The Big Five personality concept with the dimensions openness to experience, conscientiousness, extraversion, agreeableness, and neuroticism [31, 32] is employed because the Big Five concept is ubiquitous in a variety of applied settings from consumer behavior  to mate selection  or parenting . Moreover, it has been previously shown that individuals make such fine-grained personality judgments from faces. More importantly, previous work has shown that these five dimensions dissociate in face space, meaning that although these dimensions are correlated to different degrees, every dimension triggers the corresponding personality associations most strongly .
In sum, the BFD consists of 40 real face photographs that are systematically manipulated regarding the perception of the Big Two and the Big Five personality dimensions, thus allowing for high ecological and internal validity. Researchers across disciplines interested in the impact of personality cues in faces on judgments and decisions may fruitfully rely on this database. In what follows, we first describe how the database was developed. Then, we report validation studies separately for the Big Two and the Big Five personality dimensions.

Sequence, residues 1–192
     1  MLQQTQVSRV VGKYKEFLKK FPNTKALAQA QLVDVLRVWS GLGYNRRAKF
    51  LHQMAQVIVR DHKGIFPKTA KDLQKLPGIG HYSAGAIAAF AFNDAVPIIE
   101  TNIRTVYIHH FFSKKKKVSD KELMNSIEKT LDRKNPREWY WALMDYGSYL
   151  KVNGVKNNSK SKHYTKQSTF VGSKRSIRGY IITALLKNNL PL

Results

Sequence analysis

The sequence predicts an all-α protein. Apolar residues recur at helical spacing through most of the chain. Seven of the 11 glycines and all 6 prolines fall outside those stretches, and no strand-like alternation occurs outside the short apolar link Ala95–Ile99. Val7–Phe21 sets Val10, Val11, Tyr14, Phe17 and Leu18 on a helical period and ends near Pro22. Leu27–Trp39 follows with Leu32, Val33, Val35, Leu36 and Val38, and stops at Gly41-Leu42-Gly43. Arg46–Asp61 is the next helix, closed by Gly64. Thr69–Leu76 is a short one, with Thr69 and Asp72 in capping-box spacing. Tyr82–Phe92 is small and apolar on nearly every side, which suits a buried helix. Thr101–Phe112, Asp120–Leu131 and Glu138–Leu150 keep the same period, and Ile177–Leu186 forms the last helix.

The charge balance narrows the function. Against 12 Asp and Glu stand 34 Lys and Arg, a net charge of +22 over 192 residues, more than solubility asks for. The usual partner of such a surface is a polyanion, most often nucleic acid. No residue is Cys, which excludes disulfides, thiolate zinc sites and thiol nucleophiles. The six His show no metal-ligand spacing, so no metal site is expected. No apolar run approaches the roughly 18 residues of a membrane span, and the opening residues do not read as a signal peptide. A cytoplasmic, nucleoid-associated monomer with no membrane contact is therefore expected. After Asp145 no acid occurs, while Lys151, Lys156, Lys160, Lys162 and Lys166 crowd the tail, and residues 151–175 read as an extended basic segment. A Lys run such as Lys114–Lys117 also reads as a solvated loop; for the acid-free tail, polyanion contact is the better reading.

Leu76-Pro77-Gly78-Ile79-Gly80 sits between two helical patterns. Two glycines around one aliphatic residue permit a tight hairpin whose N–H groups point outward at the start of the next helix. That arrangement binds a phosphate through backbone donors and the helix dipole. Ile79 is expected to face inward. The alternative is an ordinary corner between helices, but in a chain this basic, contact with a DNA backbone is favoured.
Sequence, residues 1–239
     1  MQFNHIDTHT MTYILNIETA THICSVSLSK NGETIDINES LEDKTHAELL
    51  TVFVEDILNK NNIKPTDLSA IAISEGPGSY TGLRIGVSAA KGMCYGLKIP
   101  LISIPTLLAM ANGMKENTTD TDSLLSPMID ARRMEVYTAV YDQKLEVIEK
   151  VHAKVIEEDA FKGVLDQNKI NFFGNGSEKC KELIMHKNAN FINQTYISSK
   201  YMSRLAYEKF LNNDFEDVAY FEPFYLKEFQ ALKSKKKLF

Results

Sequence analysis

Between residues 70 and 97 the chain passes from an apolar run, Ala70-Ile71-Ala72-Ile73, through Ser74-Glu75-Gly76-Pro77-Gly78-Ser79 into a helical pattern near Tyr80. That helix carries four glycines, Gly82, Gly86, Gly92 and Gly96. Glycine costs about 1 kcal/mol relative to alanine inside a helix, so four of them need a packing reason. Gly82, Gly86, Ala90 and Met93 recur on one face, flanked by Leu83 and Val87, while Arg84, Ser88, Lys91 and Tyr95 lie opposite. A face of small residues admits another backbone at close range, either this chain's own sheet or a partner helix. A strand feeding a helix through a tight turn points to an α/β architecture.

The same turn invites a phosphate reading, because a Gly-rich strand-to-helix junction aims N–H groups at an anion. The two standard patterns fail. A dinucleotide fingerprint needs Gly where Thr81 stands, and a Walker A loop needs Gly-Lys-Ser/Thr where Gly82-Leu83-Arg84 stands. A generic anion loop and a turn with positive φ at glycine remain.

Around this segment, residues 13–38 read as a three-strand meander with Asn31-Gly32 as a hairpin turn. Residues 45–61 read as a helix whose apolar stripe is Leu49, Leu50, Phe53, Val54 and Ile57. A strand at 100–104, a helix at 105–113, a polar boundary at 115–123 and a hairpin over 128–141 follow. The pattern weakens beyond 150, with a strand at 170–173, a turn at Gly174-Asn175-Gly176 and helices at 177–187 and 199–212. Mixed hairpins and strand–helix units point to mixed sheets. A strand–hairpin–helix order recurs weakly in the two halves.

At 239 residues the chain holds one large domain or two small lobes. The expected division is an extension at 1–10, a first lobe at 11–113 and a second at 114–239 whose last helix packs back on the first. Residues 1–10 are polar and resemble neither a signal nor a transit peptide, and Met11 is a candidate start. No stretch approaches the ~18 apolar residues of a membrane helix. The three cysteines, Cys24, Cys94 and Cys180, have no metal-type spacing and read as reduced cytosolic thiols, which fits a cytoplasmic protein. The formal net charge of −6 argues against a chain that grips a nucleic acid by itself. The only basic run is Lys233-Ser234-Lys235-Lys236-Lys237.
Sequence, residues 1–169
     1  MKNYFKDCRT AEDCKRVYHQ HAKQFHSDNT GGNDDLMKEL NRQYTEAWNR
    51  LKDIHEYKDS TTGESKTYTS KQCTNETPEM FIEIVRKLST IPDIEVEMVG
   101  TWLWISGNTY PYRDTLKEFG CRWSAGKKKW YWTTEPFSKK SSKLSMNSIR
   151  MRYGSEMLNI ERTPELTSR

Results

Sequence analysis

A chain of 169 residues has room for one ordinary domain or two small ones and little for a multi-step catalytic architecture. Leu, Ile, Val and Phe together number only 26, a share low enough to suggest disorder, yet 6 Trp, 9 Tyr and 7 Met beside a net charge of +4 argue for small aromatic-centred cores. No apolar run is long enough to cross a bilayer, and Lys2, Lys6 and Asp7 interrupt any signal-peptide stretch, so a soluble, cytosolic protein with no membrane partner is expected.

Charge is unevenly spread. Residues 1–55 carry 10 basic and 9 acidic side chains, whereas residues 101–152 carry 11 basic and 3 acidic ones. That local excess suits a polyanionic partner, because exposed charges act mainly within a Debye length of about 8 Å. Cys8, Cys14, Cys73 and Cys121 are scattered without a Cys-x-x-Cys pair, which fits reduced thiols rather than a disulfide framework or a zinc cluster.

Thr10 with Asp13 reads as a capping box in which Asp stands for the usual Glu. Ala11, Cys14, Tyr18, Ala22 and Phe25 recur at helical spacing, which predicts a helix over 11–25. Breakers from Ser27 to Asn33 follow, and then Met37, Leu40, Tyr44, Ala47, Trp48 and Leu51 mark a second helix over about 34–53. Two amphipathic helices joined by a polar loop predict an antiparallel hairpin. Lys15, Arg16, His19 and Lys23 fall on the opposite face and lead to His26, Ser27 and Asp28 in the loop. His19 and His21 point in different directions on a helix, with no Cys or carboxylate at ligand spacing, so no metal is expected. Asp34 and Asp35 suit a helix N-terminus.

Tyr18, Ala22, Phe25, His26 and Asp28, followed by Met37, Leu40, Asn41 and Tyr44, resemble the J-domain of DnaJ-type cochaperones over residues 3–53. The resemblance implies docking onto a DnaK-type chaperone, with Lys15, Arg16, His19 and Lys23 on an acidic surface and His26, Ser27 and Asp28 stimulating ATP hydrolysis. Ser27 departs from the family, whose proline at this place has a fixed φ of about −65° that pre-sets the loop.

This research project was approved by the Institutional Review Board of the Department of Psychology at the University of Basel (IRB approval No. 034-15-3). The individuals in this manuscript have given written informed consent (as outlined in PLOS consent form) to publish their portraits.